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Texas Invasive Species Institute

Texas Invasive Species Institute

European Rabbit

Oryctolagus cuniculus

Class: Mammalia
Order: Lagomorpha
Family: Leporidae

Oryctolagus cuniculus

Photographer: JJ Harrison Source: www.wikipedia.org Copyright: CC BY-SA


The European rabbit can be identified by long floppy ears, short tail, and long jumping gait. The adult coats are typically gray-brown, but range from sandy color to black or dark gray. The underside of the rabbits are completely white with all color variations. Rabbits can be differentiated from hares by a size differences. Hares are larger than rabbits and have longer legs and ears. Male (bucks) European rabbits weigh more and  have broader heads than females (does), but the overall appearance of both sexes is very similar. European rabbits are known for their ability to dig extensive tunnel systems called warrens with several entrances and exits.  

Ecological Threat

European rabbits are aggressive foragers and threaten biodiversity when they become established in new non-native areas. Ironically, the European rabbit is becoming threatened in its native areas with populations decreasing rapidly warranting them to be listed on the IUCN red list. This only applies to native areas, and the European rabbit is still considered a pest in non-native areas. European rabbits are capable of becoming established in new areas because of their ability to reproduce quickly and consume a large variety of food. Populations in the billions have been documented in Australia where the European rabbit has become established and threatens many agricultural animals such as goats and sheep by removing available food sources. Other native populations that consume the same food sources as European rabbits in many countries are outcompeted and suffer drastic population losses. Many field mice are driven out of their burrows as a result of European rabbit establishment making them easy prey for foxes. Large areas of foraging causes soil erosion and loss of viable land. Native wildlife has also been effected by non-specific poisons used for control of the European rabbit.


Rabbits are well known for their ability to reproduce rapidly. A single pair of European rabbits are capable of producing 30-40 offspring each year. Female rabbits are reproductively mature after 3-4 months and can be continuously pregnant for 6-8 months. An average gestation cycle lasts for 31 days with litters of 2-12 young which are kept in a protected and secluded part of the warren where the mother feeds and protects the young individually. Although European rabbits are not known for speed or intelligence they are well known for reproductive capabilities with an extreme example in 1859 in Australia where 24 European rabbits lead to a population of over 600 million in less than a century.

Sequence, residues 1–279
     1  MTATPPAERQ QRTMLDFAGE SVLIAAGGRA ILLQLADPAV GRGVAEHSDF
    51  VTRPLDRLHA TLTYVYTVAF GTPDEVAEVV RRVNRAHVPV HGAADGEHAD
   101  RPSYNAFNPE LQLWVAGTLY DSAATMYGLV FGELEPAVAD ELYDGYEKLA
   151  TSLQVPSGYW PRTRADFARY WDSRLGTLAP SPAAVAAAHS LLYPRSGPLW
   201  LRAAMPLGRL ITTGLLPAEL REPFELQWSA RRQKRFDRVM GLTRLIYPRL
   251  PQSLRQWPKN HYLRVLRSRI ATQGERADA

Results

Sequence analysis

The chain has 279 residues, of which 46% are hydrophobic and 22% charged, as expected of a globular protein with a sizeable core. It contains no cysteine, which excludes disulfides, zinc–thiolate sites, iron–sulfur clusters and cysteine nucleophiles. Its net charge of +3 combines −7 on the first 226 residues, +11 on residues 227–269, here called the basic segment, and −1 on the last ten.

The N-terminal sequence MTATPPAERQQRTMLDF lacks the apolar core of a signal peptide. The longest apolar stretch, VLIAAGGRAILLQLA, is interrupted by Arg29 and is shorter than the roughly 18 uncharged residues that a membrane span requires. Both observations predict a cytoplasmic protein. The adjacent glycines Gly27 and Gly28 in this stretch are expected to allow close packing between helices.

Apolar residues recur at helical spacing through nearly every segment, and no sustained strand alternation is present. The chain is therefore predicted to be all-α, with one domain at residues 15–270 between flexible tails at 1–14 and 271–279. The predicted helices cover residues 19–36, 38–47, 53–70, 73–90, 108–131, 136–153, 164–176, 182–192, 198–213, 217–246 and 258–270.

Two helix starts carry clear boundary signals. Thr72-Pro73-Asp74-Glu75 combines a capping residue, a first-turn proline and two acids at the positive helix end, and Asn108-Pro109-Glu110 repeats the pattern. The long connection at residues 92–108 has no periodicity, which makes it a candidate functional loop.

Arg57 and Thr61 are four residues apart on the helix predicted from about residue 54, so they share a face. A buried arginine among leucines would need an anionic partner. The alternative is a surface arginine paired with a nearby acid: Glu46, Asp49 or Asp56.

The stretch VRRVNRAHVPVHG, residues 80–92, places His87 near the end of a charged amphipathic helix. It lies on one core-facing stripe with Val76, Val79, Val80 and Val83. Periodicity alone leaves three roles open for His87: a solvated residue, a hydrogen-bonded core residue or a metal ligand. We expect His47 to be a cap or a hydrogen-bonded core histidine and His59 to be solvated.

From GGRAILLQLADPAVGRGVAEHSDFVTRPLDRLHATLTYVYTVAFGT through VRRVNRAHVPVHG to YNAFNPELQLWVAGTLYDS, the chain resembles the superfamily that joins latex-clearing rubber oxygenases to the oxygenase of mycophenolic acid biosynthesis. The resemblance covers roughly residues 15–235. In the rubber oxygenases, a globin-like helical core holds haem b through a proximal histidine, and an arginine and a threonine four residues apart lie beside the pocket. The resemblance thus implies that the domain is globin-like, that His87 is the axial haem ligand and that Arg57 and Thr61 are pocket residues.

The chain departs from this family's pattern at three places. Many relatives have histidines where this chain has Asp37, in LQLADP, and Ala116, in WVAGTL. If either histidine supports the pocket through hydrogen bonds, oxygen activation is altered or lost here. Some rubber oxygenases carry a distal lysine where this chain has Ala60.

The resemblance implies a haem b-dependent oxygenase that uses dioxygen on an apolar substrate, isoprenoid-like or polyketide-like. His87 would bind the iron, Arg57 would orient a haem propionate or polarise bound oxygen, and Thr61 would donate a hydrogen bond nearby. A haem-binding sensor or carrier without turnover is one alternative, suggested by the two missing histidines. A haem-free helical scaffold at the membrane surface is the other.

European rabbits were first documented in Washington State in 1929, but establishment is believed to have occurred as early as 1875. The European rabbit was introduced as a control agent for weeds and other undesired vegetation and later became popular as a household pet. As a foraging generalist the European rabbit was quickly noted to feed on more than just the targeted pest plants and rapidly became established in the United States as well as all other continents in the world with the exception of Antarctica.

Native Origin

Native Origin: Europe and North Africa

Current Location

U.S. Habitat: European rabbits can be found in habitats that provide adequate shelter from predators such as scrub trees with areas of soft soil that allow for burrows to be dug. Habitats also are surrounded or near open areas that allow for foraging of grasses and cereals for food.

U.S. Present: European rabbits can be found throughout the United States.


Historical management techniques involved the use of bounty hunters to trap European rabbits in efforts to control the growing populations. Other more recent bio-control involves the use of a virus specific to the European rabbit that was discovered in the Brazilian rabbit. This virus was highly effective in Australia, but 0.02% of the population survived and developed a resistance. Current management techniques are being developed involving a protein that prevents birth prior to fertilization rather than focusing on killing European rabbits. Within the U.S. a vigorous attempt to control European rabbit populations in San Juan park of Washington is in the works. The beautiful landscape has been stripped bare to the point of a moon-scape according to park officials.



Alien Species in Hawaii: European Rabbit - Status of Orctolagus cuniculus spp. cuniculus (Leporidae) in the main Hawaiian Islands as of 05/98.

Moreno, S. and R. D. Villafuerte, Migues. 1996. Cover is safe during the day but dangerous at night: the use of vegetation by European wild rabbit. Canadian Journal of Zoology 74:1656-1660.

Lombardi, L., N. Fernandez, et al. 2003. Habitat-related Differences in Rabbit (Oryctolagus cuniculus) Abundance, Distribution, and Activity. Journal of Mammology 84(1):26-36.

Mykytowycz, R. and M. L. Dudzinski. 1972. Aggressive and Protective Behaviour of Adult Rabbits Oryctolagus Cuniculus (L.) Towards Rabbits. Behaviour 43: 97-120.

Elspeth M. Veale. 1957. The rabbit in England. Agricultural History Review. 5(2).

Internet Sources






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